I’ve lived in Pittsburgh for more than 40 years, but it took a visit by some friends from New York to show me how to look at my city in a new way. Of course I have my favorite places to show guests, which includes Mt. Washington, the Point, and the Fred Rogers’ statue on the North Shore, but my visitors opened my eyes to other ways of seeing some very familiar places.
For example, I’d never ridden the light rail transit system (known as ‘the T’) in the city because I’d never needed to—it was still under construction when I worked downtown, and by the time more routes were established, I was used to driving everywhere that it went. But since one of my guests was a New York City subway driver, he wanted to take a ride, and I was surprised to realize that it gave me a completely different outlook on the Golden Triangle!
I’ve always parked and walked around town; traveling across the river and over to Station Square on an elevated track let me see things that I’d never noticed when they were above my head—such as intricate carvings on buildings, as well as things below my feet, like the Monongahela River. It’s a lot easier to gawk when you’re crossing a railway bridge and someone else is driving!
Turns out, more than 23,000 people ride the T every day, many of whom were on their way home after a Pirates’ game when we took our trip—what a great way for my friends to experience the city’s sports-mania first-hand!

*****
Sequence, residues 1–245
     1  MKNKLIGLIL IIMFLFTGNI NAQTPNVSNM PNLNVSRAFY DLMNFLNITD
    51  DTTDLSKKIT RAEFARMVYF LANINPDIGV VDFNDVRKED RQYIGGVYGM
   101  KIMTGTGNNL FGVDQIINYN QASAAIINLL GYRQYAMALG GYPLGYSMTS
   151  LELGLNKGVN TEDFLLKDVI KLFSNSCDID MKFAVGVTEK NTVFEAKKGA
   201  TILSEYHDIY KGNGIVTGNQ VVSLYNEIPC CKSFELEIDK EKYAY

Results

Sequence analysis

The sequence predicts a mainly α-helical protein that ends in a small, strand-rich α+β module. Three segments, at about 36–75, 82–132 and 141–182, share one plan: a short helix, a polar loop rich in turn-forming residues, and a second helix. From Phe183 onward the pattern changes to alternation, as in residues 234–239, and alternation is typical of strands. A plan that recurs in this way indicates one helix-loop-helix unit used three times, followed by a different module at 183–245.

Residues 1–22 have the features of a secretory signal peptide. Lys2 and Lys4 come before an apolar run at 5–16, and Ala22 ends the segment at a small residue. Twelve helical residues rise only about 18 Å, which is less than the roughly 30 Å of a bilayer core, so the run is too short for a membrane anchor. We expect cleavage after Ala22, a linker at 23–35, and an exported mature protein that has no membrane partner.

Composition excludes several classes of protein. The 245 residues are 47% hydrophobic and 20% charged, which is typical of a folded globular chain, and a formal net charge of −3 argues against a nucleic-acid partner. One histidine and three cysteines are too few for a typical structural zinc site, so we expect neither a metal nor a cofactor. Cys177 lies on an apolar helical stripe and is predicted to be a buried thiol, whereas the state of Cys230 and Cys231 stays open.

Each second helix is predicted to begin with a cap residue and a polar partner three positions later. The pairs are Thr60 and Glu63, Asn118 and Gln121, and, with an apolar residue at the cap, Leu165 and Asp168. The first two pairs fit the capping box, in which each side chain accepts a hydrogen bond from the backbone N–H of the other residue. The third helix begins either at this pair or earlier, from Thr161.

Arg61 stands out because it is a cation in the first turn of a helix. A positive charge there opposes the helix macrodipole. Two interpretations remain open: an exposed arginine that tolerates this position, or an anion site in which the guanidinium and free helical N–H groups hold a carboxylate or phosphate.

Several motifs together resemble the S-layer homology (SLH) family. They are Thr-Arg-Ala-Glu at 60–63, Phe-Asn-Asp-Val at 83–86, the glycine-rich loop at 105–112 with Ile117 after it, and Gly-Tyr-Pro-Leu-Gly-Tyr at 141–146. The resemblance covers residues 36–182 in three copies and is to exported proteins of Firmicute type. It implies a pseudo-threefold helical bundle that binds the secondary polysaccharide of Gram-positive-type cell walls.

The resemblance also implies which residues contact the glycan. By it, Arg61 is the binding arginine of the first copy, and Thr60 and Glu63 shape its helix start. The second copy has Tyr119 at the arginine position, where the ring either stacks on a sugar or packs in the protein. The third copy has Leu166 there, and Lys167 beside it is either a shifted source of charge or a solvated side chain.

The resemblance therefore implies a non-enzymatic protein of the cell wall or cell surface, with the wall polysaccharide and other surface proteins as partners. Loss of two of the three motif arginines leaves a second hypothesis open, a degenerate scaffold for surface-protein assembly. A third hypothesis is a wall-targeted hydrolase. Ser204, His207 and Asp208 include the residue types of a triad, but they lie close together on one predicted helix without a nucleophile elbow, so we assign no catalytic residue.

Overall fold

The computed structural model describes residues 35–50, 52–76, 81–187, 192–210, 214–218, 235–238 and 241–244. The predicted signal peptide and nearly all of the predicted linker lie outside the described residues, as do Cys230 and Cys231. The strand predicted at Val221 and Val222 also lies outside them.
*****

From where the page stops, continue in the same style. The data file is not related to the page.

We also searched out craft beers in Lawrenceville (okay, so I’d had a little experience finding breweries in town) and attended a huge barbecue festival on the North Side by Heinz Field, which was open for tours. And while I’ve attended many a football game at the stadium, I’d never spent much time wandering through all of the displays and checking out ALL of the trophies that were won by local teams. A visit to the Heinz History Center brought back memories of my days as an ad copywriter in the city—and even I, a Pittsburgher who bleeds Heinz ketchup red, learned a wealth of new facts about the place I call home.
Even a local park took on a new aspect when we went kayaking on a nearby lake that I’d never tried despite the fact that it was 10 minutes from my house—kind of ridiculous, since I’ve kayaked so many other places in the state and along the East Coast. For some reason, it never occurred to me how much fun it would be to spend the day on the water so close to home; something that I learned simply because I was tailoring the trip to my friends’ interests instead of mine.
In December, I was able to visit these same friends in New York, where we did all the things that ‘tourists’ do, like see the Christmas tree at Rockefeller Center and the window displays at Saks Fifth Avenue. I wasn’t surprised when one of my hosts commented that she never came downtown during the holiday season because of the crowds, but that she was really enjoying seeing her city through my eyes.
What a wonderful lesson it is to realize that even though you think you know a place, you can always discover something different if you avoid the familiar and search out new experiences. Everything old can seem new again when you travel out of your comfort zone.
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